Local vets Dr Mark Booth and Dr Natasha Lees have travelled to south west India to give vets there the benefit of their experiences in treating cattle.
India ranks first in the world in overall milk production, accounting for 20 per cent. Over the last thirty years, production has increased 300 per cent, with virtually all of it consumed domestically.
As volunteers for Vets Beyond Borders, they will be presenting workshops on advances in diagnosis and treatment of ruminal disorders, including diagnostic techniques and surgical procedures.
“I have 20 years of mixed practice veterinary experience and it’s going to be fantastic to be able to impart some knowledge to 30 local vets,” says Mark.
“The course is really going to add to their practical skills.”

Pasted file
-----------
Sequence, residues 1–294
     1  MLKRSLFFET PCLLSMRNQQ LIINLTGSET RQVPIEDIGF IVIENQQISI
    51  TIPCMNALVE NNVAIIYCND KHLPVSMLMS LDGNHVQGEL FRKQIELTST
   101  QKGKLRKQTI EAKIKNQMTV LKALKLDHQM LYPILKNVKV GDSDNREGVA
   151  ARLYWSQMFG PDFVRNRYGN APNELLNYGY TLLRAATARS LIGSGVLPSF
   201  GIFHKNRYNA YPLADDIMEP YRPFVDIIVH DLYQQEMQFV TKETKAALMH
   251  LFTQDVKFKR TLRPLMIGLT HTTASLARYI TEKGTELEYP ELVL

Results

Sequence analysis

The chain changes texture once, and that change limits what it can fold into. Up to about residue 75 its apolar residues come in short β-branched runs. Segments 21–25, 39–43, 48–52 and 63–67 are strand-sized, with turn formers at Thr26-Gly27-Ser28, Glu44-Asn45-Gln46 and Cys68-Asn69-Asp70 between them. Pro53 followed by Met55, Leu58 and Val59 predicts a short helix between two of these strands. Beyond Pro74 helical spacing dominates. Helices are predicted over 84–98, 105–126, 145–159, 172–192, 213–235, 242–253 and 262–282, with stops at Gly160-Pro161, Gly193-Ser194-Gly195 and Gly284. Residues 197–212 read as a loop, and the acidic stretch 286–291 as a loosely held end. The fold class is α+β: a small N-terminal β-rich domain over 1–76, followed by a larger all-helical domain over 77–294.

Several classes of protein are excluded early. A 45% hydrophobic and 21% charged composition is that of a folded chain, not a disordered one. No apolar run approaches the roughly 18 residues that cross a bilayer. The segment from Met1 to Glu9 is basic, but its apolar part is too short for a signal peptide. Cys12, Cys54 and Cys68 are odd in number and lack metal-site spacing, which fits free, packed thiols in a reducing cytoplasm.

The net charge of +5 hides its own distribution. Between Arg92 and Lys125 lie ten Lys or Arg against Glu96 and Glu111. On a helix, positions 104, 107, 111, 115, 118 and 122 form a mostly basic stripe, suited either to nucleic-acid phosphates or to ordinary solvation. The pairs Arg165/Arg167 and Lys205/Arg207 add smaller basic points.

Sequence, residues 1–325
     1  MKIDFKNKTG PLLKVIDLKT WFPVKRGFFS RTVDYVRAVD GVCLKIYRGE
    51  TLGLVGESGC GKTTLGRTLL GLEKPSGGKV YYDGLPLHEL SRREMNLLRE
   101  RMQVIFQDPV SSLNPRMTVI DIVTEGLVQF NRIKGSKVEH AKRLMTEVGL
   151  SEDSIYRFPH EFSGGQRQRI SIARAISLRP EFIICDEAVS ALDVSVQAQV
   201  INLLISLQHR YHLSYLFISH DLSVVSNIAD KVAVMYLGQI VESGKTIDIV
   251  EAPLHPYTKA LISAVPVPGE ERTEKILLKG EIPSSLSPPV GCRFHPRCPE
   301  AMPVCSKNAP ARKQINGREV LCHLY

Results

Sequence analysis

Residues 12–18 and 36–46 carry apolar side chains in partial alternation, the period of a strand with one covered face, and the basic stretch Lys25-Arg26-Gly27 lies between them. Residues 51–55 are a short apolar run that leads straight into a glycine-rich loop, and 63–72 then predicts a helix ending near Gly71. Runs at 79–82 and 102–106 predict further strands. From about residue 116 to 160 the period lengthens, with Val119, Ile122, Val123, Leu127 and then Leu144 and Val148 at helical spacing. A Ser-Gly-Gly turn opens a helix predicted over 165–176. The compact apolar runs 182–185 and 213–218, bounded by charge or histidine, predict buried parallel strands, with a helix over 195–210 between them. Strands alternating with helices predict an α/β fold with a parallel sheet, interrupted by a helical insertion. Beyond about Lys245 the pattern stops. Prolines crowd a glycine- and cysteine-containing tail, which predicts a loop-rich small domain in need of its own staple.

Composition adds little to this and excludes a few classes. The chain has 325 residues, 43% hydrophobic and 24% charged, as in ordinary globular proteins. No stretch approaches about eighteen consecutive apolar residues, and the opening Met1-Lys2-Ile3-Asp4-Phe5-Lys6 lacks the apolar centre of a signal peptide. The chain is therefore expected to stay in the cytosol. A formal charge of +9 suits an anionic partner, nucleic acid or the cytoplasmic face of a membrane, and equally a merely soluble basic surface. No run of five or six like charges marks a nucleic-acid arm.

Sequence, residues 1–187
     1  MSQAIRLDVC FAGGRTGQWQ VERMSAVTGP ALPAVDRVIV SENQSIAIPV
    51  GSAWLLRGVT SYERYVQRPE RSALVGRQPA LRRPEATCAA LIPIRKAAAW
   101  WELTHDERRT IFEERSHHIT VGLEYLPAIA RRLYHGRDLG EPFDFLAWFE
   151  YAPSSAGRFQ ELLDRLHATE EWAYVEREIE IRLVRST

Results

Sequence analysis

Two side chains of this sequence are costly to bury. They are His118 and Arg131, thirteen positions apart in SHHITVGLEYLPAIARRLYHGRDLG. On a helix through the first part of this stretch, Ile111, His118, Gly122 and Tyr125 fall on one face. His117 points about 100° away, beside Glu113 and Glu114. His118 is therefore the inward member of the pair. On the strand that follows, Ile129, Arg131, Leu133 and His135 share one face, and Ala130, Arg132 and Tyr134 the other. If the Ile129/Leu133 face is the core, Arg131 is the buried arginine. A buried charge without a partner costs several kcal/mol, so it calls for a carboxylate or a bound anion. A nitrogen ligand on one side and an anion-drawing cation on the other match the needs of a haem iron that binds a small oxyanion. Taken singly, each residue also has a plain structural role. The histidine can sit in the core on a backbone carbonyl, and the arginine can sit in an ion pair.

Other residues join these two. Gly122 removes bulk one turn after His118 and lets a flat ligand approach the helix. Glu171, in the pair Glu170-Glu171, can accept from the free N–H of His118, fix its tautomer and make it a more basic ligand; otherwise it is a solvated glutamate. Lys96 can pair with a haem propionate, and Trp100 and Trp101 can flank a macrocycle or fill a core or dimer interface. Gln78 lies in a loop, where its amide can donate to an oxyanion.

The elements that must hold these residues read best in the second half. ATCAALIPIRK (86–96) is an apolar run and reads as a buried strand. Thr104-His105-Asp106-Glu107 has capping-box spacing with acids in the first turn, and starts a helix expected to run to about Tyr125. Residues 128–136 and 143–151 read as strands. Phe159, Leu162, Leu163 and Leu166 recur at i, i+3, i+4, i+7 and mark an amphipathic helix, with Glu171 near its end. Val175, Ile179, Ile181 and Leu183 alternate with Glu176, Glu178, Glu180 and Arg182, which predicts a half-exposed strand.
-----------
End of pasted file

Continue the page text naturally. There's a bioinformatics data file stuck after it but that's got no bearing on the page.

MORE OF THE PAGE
The holiness of the cow to Hindus will bring an extra dimension to the experience, as Indian vets put added emphasis on trying to save the animals.
The couple moved to Kiama six years ago. Mark practices locally at Kiama Vet Hospital, and Tash is a senior associate with Scibus, a Camden-based cattle consultancy business.
“The workshop will be a learning curve for both of us and the Indian vets,” says Tash.
“We will learn so much about their veterinary and agricultural industry and their culture, and they will learn techniques and approaches to cattle management.”
Both of them have travelled in India before, and Mark participated in Foot & Mouth preparedness training in Nepal.
VBB’s VetTrain program was launched in 2009 with the initial purpose of providing clinical training to on animal birth control and anti-rabies projects in India.
A decade on, the program is now able to provide training in a wide range of clinical disciplines, to allow appropriate treatment of the myriad of diseases and injuries that afflict animals around the world.